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Summer of women's sport

Game plan: is it finally time for football to lead the way in gender equality?

With another summer of sport now firmly in the rear-view mirror, football on the world stage has a very different reason to celebrate – the rise and rise of the women’s game.  From 41% of the UK population tuning in to see the Lionesses reach the semi-finals to US kit breaking Nike sales records (for men’s or women’s we may add) the cultural and commercial impact of the tournament was hard to ignore.  

It’s hard to believe that in just two short years, the Women’s Super League has gone from Liverpool WFC’s first-of-a-kind kit sponsorship with Avon to Barclays record-breaking deal to become first title sponsor of the Barclays FA Women's Super League. The latter was far from a mere transactional investment with the finance giant’s “History Is Anyone’s Now” initiative committing to make grassroots football accessible to all girls in schools by 2024.  

Always looking for actions over words, the On the One team took a look at some of the bravest and boldest moves in the brand world during a transformative summer for women’s football: 

Nike – Dream Further 

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It’s hard to overplay the contribution from Nike to the women’s game. From the top-down, their commitment started with the already-iconic Dream Further spot but Nike’s commitment to the grassroots was more than evident with their hosting of the first-ever female tournament at Stamford Bridge, London – 120 women from 12 different ‘Super 5 League’ teams, travelling from their local Hackney grounds to compete in Chelsea’s Fulham stadium. 

Lucozade Sport - #ThreeLionesses

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The old adage of ‘you cannot be what you cannot see’ still holds good, and for Lucozade Sport it’s inherent that their power is in the pack itself. With 16m bottles on shelves nationwide, Lioness captain Steph Houghton and defender Nikita Parris play their part in simply making the England side a household names – this visibility coupled with their reworking of the iconic Three Lions anthem provided a powerful emotional layer that harnessed the energy of the ‘It’s Coming Home’ warcry of the men’s tournament the year before.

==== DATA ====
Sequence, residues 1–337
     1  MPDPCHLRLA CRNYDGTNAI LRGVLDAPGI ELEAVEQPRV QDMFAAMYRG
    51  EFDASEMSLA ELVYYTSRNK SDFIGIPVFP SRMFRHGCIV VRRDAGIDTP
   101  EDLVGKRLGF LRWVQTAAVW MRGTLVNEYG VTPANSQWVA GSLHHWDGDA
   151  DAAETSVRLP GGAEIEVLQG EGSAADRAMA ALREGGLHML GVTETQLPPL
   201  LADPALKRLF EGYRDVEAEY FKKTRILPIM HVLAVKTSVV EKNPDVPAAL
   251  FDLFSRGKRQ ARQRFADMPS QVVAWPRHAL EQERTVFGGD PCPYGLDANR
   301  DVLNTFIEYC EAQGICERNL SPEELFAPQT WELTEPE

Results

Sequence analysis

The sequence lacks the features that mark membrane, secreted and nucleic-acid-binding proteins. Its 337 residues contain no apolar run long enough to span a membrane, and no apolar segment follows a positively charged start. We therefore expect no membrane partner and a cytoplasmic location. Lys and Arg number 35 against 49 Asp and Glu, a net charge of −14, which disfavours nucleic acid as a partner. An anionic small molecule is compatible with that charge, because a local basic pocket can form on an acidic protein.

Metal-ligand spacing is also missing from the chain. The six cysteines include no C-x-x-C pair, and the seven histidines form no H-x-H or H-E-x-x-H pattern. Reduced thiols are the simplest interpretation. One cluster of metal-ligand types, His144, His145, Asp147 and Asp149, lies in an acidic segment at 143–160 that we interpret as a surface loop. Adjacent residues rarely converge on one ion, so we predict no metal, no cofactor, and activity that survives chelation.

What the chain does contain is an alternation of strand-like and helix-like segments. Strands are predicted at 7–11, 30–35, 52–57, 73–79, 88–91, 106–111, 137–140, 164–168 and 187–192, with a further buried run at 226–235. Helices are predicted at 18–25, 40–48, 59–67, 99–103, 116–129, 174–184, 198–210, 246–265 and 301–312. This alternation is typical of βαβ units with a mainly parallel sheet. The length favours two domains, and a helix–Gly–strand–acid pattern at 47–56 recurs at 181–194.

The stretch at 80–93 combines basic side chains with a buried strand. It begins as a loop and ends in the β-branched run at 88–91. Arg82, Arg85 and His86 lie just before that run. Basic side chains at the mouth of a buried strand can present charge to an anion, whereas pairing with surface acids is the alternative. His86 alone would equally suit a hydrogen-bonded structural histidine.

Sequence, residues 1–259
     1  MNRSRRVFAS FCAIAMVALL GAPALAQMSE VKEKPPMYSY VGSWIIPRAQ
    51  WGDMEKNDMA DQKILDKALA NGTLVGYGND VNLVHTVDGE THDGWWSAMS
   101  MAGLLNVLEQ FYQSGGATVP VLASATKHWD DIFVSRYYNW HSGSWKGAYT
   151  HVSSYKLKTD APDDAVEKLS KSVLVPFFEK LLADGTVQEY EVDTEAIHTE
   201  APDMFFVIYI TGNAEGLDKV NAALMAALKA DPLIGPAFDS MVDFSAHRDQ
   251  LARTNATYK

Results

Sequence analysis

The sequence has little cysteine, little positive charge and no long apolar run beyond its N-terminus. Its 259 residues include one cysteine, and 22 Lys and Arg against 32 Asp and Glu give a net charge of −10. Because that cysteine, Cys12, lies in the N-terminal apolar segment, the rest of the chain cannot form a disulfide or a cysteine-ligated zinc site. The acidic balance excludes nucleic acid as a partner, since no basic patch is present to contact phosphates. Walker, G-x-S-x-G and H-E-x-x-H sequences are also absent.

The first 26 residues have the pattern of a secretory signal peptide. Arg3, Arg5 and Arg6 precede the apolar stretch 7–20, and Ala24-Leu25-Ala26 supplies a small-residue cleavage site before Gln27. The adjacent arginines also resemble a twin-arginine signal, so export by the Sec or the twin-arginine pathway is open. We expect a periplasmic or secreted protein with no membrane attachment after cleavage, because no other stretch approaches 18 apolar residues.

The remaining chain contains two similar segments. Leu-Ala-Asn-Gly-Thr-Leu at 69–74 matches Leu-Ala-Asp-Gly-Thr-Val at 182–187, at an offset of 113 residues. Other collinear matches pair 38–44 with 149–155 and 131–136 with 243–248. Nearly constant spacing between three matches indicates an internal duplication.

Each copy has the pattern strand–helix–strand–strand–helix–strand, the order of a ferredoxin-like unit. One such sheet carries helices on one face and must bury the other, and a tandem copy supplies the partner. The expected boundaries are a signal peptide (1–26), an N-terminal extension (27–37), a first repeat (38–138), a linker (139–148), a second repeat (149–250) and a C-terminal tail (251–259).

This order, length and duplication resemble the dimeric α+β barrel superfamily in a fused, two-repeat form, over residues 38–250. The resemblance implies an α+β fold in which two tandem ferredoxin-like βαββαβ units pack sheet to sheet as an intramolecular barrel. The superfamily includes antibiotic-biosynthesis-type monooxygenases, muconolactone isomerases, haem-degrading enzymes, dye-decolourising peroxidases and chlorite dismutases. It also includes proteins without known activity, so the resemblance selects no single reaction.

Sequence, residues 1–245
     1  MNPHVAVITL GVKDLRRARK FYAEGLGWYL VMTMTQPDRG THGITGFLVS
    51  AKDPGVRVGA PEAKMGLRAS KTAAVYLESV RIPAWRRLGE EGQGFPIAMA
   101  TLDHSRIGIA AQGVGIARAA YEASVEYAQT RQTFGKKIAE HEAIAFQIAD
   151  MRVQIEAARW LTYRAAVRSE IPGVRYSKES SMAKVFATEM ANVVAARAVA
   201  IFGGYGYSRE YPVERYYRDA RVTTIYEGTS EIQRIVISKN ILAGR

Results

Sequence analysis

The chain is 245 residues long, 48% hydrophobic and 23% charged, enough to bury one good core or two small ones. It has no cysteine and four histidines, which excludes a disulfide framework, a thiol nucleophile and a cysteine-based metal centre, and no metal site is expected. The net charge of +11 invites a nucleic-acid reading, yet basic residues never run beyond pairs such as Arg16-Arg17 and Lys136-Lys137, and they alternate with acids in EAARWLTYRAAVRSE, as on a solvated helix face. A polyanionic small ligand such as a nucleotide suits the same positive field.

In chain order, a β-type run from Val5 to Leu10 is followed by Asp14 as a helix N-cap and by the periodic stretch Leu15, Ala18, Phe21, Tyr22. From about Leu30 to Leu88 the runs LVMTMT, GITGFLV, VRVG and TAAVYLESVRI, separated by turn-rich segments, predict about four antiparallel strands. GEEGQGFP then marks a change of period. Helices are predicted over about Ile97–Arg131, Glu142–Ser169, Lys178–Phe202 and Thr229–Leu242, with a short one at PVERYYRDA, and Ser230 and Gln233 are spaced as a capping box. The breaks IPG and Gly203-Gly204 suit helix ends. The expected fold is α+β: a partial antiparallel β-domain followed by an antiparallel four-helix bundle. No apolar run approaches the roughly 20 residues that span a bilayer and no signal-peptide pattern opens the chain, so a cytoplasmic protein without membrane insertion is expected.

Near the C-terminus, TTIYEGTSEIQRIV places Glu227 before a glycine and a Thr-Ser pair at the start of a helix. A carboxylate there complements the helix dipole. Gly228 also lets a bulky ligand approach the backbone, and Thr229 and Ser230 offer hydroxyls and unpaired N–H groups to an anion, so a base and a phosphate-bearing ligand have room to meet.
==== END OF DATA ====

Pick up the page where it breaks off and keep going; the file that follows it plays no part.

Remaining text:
BBC – #ChangeTheGame

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The BBC may have cleaned up in the ratings department but their World Cup success really was a team effort – the unprecedented drive behind the coverage was part of the wider #ChangeTheGame campaign that supported women’s sport with the Netball World Cup, Wimbledon, Women’s Ashes and World Athletics Championships.  And with Ms Banks onside to deliver ‘anthem of the summer’ Remember the Name, it felt like the Beeb hit all the right notes this year.

Visa – One Moment

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Whilst far from unique to football, the gender pay gap continued dominate the press agenda this summer.  Visa put its money where its mouth is and committed to the same level of investment to the men’s tournament in Russia the previous year.  That, coupled with an emotive 33-market global ad that also highlighted the plight of female entrepreneurs demonstrated the power of aligning product and purpose.

Commerzbank

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"We don't have balls. But we know how to use them." German finance giants Commerzbank walked a fine line in this subversive triumph featuring the national side’s acerbic swipe on the anonymity of the women’s game. From poking fun at tea-set victory gifts to their success vs the men’s team, the campaign proved an unexpected highlights, even if the team didn’t get past the quarter finals.

On the One are UN Women’s grassroots cultural agency – you can catch their event Game Plan: Can Football Lead the Way In Gender Equality? At Second Home, Spitalfields, London on Wed 9th October. 


By Rob Mathie, Founder of On The One

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